NOZONE - The imperfect alibi

DVD review: Alibi

Film still for DVD review: Alibi

Tim Lucas watches while Roland West's 1929 Oscar-nominated jailbird drama goes gloriously over the top

Roland West; USA 1929; Kino on Video/Region 0; 83 minutes; Aspect Ratio 1.33:1

This early talkie, also shown in theatres as a silent and known in the UK as The Perfect Alibi, would seem to have everything going for it. It's an earlier teaming of the star (Chester Morris), producer-director (Roland West) and cameraman (Ray June) responsible for that wonderful barnstormer The Bat Whispers (1930); it's based on Nightstick, a successful play by the screenwriter of 1930's The Unholy Three (J.C. Nugent) and one of cinema's first women directors (Elaine S. Carrington, 1916's The Path of Happiness); its art direction is by none other than William Cameron Menzies (between his exemplary work on The Thief of Bagdad and the Doctor Strange-inspiring Chandu the Magician), and it received three 1930 Academy Award nominations - for best actor (Morris), best art direction and best picture. Kino's liner notes up the ante still higher, calling this, "America's first expressionist crime film" and "a stylish thriller that presaged the rise of film noir."

These remarkable descriptions are possibly true but, unfortunately, Alibi is not so perfect; it fails to conjure a story of sufficient substance or irony to warrant such impressive treatment. The plot is familiar to the point of seeming archetypal and the action, drowned in theatrical dialogue, brooding and 'dash it all' hand gestures, is little more than a woefully transparent foreground to Menzies' superbly imaginative backgrounds.

Chester Morris, who would later star in more than a dozen B-programmers as the crook-turned-good Boston Blackie, here plays Chick Williams, a former gangster who is released from prison after serving his sentence, seemingly reformed, only to resume his evil ways in the Prohibition-era underground. Upset that her police sergeant father (Purnell Pratt) and detective fiancé Tommy (Pat O'Malley) refuse to believe in Chick's rehabilitation, Joan Manning (Eleanore Griffith) pursues a patronising friendship with the ex-con and, soon enough, announces to her apoplectic pop that they have married. This early part of the film prepares the viewer for an engrossing inverted crime drama worthy of expressionistic treatment - a truly reformed criminal at odds with a corrupt police force determined to frame him or kill him - but Chick, of course, is exposed as the worst nightmare of the law enforcement set. Consequently, we're left with a melodrama whose overdressy self-importance lends class to an offensive 'once a jailbird, always a jailbird' philosophy - and not to any ironic purpose. Morris is the most naturalistic actor on view, and there are times when his devilish good looks anticipate the Ray Liotta of Goodfellas, but he too gets swallowed by the film's technique; once he's revealed as the baddie the coppers always knew him to be, he is treated to numerous satanic close-ups, glowering at the camera with such over-the-top intensity as to make us wonder if Bela Lugosi really wasn't, for his time, just plain folks. Eleanore Griffith, who later left acting to write the 1943 John Wayne western In Old Oklahoma, makes for a dreary heroine, watering down any sense of peril. But the cake is taken by young Regis Toomey (in his screen debut) as an undercover cop posing as a besotted Fitzgeraldian Wall Street broker, whose grating muggery culminates in an 'it's getting dark' death scene so protracted that it becomes unintentionally hilarious.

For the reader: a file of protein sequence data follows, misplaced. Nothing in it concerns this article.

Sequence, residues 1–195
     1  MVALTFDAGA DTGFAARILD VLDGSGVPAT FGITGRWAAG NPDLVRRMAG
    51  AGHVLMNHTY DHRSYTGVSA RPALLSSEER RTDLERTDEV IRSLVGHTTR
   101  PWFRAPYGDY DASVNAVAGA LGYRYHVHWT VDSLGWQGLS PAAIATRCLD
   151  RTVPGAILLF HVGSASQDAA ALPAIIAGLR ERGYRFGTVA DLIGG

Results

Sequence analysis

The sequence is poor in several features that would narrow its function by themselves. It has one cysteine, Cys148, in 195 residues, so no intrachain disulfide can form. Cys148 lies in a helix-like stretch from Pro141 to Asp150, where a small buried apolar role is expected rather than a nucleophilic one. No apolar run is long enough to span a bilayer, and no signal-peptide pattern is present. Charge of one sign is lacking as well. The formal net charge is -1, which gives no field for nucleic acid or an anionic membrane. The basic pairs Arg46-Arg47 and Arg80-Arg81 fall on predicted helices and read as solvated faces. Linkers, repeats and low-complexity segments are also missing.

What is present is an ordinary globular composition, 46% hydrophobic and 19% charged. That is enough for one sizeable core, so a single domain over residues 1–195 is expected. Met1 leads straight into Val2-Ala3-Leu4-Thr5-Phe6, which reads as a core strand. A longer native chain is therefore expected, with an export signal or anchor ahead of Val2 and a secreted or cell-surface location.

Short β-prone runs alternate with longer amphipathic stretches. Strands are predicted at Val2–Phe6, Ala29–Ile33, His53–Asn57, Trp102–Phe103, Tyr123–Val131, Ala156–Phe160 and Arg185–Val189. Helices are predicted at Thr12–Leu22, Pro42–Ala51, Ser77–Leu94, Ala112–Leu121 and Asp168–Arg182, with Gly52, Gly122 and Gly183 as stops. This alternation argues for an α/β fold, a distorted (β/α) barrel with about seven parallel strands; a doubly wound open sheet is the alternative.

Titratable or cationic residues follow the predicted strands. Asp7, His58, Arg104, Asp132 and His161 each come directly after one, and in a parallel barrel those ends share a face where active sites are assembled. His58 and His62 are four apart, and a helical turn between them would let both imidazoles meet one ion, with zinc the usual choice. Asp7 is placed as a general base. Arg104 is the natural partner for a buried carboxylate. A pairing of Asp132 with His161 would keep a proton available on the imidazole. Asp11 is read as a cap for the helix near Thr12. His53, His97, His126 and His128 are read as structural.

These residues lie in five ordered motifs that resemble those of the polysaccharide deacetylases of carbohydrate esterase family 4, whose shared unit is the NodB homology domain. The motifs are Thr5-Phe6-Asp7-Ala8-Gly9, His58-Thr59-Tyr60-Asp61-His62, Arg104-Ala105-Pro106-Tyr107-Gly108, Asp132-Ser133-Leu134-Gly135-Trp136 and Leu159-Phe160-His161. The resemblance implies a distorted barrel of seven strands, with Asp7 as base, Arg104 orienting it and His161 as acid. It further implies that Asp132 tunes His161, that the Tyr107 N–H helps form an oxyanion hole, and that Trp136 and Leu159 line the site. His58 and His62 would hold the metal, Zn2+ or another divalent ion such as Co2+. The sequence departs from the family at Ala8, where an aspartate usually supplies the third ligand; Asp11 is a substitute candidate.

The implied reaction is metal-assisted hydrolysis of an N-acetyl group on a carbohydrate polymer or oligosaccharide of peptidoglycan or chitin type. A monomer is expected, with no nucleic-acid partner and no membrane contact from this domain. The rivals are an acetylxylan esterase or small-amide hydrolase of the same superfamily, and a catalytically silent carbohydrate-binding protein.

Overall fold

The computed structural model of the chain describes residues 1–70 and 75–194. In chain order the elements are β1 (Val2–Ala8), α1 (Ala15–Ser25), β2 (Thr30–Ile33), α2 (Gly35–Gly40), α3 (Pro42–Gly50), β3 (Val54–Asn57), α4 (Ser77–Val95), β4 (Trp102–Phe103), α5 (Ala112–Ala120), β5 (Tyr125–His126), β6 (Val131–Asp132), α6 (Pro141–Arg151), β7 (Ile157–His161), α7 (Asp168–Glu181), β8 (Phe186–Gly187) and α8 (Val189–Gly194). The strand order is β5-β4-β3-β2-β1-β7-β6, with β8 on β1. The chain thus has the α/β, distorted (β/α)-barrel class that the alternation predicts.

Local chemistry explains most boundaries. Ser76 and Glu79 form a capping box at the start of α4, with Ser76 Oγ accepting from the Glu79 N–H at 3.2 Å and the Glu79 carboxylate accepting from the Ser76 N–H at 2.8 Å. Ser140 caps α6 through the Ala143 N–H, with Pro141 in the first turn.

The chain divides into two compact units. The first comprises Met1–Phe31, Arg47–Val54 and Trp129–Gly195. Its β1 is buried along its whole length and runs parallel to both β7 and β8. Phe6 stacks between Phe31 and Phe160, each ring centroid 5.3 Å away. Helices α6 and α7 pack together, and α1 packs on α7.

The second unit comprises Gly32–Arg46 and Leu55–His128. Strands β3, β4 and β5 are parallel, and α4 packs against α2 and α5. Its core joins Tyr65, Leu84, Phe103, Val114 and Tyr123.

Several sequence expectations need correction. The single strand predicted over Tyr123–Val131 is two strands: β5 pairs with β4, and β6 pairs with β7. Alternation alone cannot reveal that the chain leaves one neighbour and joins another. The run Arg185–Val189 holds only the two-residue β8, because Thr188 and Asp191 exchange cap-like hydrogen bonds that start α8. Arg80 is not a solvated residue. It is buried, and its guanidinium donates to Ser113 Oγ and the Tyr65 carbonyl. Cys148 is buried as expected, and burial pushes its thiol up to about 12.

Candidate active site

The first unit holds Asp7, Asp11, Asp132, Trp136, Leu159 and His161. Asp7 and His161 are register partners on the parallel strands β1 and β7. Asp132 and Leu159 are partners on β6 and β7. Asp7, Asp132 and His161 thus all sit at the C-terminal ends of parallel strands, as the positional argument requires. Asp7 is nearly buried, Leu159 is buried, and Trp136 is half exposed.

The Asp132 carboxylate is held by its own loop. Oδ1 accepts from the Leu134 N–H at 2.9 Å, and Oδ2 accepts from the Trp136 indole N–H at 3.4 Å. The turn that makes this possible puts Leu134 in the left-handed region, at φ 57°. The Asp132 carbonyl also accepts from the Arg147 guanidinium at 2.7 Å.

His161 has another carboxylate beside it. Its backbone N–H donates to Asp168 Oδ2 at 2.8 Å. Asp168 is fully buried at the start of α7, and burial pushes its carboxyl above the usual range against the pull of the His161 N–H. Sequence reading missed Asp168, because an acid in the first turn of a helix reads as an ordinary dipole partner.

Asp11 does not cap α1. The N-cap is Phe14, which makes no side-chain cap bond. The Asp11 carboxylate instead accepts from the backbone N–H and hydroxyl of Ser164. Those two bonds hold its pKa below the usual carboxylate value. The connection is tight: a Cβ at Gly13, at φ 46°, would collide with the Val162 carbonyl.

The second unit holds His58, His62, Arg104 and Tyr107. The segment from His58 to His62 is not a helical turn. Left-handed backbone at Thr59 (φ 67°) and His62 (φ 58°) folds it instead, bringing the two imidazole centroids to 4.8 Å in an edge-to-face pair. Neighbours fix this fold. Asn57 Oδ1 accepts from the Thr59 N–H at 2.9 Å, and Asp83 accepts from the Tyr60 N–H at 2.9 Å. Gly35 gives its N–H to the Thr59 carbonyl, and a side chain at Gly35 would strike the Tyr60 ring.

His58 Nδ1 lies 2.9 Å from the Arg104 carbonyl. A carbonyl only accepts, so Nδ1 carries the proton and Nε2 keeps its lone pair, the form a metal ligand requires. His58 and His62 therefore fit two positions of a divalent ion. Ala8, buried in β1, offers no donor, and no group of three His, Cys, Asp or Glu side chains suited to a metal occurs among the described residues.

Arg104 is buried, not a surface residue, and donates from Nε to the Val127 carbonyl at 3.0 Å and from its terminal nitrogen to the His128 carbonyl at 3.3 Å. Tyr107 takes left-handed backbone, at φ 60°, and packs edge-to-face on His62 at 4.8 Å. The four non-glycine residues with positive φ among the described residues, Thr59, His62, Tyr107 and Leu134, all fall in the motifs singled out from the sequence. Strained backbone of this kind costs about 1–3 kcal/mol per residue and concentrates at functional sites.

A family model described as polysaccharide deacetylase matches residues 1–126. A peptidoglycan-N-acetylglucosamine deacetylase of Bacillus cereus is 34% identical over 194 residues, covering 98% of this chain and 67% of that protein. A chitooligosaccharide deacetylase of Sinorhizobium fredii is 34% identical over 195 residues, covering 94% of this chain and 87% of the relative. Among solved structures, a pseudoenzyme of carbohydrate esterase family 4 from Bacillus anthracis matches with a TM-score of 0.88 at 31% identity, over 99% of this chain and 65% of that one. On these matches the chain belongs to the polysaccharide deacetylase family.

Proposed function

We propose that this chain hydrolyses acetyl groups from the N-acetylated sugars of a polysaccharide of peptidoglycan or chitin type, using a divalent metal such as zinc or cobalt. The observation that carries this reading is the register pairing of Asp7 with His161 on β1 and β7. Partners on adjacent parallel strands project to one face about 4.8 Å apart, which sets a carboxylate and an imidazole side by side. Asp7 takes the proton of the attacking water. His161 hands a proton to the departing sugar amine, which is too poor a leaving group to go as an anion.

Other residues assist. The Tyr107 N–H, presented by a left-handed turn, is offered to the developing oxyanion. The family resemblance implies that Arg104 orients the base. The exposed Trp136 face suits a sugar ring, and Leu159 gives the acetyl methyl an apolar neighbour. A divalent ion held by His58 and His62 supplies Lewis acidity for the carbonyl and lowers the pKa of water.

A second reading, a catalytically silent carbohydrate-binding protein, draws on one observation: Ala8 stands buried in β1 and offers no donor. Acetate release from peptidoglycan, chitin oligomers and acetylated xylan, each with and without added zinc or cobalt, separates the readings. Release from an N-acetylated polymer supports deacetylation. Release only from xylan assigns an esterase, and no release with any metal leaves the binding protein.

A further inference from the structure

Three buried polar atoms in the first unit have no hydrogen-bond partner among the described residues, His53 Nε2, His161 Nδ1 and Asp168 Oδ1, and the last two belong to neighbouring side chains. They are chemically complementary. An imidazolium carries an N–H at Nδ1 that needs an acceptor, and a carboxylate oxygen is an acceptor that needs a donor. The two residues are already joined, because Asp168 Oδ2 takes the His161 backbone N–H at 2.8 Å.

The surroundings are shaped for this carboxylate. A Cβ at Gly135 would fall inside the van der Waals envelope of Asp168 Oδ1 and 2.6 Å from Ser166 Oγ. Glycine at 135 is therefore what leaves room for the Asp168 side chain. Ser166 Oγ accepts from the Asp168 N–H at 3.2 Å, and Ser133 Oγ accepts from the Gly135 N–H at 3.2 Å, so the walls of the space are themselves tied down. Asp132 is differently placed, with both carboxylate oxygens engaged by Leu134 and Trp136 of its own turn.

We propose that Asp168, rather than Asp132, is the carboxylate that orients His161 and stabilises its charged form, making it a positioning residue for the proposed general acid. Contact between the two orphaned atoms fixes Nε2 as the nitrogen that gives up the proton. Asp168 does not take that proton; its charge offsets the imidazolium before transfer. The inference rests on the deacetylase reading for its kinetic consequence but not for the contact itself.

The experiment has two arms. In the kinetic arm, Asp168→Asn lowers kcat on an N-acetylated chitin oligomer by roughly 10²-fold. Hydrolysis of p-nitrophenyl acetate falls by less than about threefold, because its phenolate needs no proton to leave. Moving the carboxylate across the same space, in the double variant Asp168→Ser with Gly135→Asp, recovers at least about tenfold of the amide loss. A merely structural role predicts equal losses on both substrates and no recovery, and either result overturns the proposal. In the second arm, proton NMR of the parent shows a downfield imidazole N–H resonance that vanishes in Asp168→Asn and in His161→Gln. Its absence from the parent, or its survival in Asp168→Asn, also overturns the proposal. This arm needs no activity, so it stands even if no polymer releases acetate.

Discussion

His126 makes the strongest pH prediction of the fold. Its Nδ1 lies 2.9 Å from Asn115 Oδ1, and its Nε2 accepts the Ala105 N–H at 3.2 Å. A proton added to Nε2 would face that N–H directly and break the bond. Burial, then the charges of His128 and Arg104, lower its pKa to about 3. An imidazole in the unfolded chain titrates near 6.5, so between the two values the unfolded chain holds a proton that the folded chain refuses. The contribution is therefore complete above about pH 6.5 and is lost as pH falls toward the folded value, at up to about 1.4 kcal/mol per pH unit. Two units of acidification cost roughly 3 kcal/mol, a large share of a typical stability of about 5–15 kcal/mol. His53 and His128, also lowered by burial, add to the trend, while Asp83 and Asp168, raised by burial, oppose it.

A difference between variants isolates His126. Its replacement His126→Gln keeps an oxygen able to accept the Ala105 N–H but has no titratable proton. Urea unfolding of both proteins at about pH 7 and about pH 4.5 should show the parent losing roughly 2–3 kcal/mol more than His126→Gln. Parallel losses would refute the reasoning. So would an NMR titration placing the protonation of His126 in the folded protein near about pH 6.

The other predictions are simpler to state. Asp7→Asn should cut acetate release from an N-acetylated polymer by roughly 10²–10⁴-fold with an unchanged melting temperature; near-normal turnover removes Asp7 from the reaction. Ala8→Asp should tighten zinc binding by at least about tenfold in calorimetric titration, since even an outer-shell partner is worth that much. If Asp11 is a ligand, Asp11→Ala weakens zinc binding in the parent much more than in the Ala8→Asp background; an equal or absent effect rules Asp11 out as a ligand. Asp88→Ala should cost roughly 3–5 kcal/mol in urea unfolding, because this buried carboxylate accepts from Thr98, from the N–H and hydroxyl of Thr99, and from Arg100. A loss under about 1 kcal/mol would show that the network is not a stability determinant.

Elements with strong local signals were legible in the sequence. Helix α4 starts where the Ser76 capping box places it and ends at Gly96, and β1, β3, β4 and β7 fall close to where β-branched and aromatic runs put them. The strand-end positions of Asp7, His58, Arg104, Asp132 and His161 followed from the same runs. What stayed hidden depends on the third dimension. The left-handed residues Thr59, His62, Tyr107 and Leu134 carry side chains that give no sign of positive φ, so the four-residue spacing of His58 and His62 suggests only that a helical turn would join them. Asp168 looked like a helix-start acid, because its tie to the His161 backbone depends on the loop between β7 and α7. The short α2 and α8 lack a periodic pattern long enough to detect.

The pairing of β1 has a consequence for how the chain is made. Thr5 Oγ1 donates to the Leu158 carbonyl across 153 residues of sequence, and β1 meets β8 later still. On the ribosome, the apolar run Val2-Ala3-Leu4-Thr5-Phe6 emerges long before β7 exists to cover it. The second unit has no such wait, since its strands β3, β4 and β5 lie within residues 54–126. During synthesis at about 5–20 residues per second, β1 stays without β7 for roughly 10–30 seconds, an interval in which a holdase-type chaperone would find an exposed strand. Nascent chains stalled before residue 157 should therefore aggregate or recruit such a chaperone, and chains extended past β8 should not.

Kino's 1.33:1 presentation, licensed from the Douris Corporation, is acceptable but just barely. The missing main titles have been crudely reconstructed, and the primitive sound recording isn't helped by O'Malley's underplaying, nor by the ravages of time - some of the dialogue is impossible to decipher. In any case, this is a film better looked at than listened to, and students of expressionism and the craft of mise en scène should take note of it as worthwhile, if not essential, viewing. There are no extras, though the silent version would have been a good one, as it's likely to represent the contributions of those involved more favourably.

Last Updated: 20 Dec 2011